"Law, Feudal," Dictionary of the Middle Ages: Supplement 1 (New York: Charles Scribner’s Sons-Thompson-Gale, 2004: 320-323
The Development of Feudal Law in the Ius commune
The law regulating the relationships of lords and vassals in the period before ca. 1000 A.D. was primarily based upon unwritten customary usages. The sources from the period 800 to 1000 contain terms like lord (dominus), vassal (vassalus), fief (beneficium or feudum) that later jurists would carefully analyze and define. Historians have learned that when they find these words in early medieval sources, they cannot simply assume that these words describe the same lord and vassal relationship that historians of the mid-twentieth century often used to describe the feudal relationship in later law: a lord bestowed a fief upon a vassal in return for military service. The vassal swore homage and fealty to the lord.
In the period from 800 to 1150, the word that described a fief (sometimes, but not always, a piece of land) a was generally beneficium. Although the word, “feudum,” from which the English word feudal is derived, is found in early sources, it replaces beneficium as the standard word to describe a fief only during the twelfth and thirteenth centuries. At the same time the law governing the bestowal of fiefs, the rights of lords and vassals, and the complicated property rights of fiefs emerge from unwritten, ill-defined, customary chaos in which rules and principles were fluid. For political relationships the feudal contract had several advantages over a contract in Roman law. The feudal contract could be inherited and broken for political reasons. When a feudal contract passed from one generation to another, the bonds that the contract cemented were renewed in public ceremonies that reminded each party of its obligations and duties.
Law can exist without jurisprudence, but law without jurisprudence is uncertain. Unless there are jurists to interpret the law, the rights of persons cannot be secure. Before ca. 1100 Europe was a land without jurists and without jurisprudence. In the first half of the twelfth century the study of law in schools began in North central Italy, especially in the city of Bologna. A professional class of jurists began to teach, practice, and participate exercise of power in the courts of the nobility and the governmental institutions of the Italian towns. They used Justinian’s great codification of the sixth century Corpus iuris civilis as the text upon which they commented and with which they taught. A man named Gratian produced a book of canon law upon which the jurists based the study of ecclesiastical (canon) law. These books became the standard Libri legales (law books) for the study of law, the Ius commune, in the schools and for the practice of law in the courts.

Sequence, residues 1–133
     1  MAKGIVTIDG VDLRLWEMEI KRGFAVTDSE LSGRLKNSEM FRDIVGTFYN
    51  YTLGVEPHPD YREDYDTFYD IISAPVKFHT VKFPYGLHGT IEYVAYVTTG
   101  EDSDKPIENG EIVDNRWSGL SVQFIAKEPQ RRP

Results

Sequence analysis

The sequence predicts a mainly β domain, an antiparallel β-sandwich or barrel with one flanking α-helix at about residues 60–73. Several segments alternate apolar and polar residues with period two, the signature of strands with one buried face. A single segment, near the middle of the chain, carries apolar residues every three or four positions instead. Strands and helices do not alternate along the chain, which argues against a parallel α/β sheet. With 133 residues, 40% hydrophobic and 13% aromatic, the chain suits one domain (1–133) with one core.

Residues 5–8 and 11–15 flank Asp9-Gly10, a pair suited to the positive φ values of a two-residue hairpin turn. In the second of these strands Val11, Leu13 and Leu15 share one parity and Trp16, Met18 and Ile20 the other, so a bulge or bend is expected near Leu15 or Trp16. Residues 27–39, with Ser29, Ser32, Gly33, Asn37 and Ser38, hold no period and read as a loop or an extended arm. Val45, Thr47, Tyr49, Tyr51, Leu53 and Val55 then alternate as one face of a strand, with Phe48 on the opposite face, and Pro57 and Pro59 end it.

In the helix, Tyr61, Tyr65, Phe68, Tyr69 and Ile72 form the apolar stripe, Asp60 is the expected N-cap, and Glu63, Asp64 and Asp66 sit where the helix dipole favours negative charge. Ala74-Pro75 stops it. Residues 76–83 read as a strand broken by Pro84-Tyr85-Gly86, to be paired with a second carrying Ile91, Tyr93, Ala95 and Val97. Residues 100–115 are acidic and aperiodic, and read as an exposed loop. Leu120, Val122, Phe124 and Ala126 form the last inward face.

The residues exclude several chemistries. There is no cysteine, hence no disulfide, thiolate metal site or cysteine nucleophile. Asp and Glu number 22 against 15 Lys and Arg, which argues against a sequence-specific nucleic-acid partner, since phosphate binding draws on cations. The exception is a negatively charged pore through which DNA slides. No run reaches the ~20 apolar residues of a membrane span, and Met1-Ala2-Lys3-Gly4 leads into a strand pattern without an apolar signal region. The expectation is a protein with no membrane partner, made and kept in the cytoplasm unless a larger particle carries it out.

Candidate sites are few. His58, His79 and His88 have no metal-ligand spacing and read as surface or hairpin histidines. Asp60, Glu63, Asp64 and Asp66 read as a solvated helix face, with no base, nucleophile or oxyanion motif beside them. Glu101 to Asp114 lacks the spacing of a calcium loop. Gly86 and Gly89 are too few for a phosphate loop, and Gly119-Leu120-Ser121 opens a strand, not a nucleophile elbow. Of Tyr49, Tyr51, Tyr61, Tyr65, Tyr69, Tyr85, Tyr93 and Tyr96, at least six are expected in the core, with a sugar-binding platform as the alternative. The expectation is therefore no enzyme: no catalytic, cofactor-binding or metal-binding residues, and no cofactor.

There were no books for feudal law. Because secular and ecclesiastical institutions were involved in legal relationships that were feudal, there was a need for written law and a jurisprudence that would provide an interpretive tool to understand it. Monasteries had feudal ties with persons and institutions. Bishops had feudal relationships with men and towns. Towns had feudal contracts with other towns and persons. The nobility had traditional feudal contracts with vassals but also with towns. Feudalism had become much more than contract that regulated and defined a relationship between a lord and a vassal. Lawyers who studied the new Ius commune at Bologna and other schools quickly realized that texts were needed. Mid-twelfth century jurists began to organize the study of feudal law around a diverse set of texts. The most unusual was the central role that a letter of Fulbert, bishop of Chartres (1006-1028) played in the development of feudal law.
William V, count of Poitou and duke of Aquitaine had asked Fulbert for advice about the obligations and duties that a vassal owed to a lord. William had troubled relationships with his vassals. In his reply (ca. 1020) Fulbert wrote a short treatise on feudal relationships that circulated fairly widely. Its future as a fundamental legal text was assured when Bishop Ivo of Chartres (1091-1116) placed it in his canonical collections. Gratian placed it in his Decretum (C.22 q.5 c.18) ca. 1120 where it became a locus classicus for canonistic discussions of the feudal contract and the relationship of the lord and vassal. Fulbert told William that when a vassal took an oath to his lord that six things were understood to be contained in it whether explicitly expressed or not: to keep his lord safe, to protect him from harm, to preserve the lord’s justice, to prevent damage to his possessions, and not to prevent the lord from carrying out his duties. Fulbert alleged that he got this list from written authorities, but his exact source, if there was one, has never been discovered. For the next four centuries jurists cited Fulbert’s list of obligations and duties as being central to the feudal oath of fealty.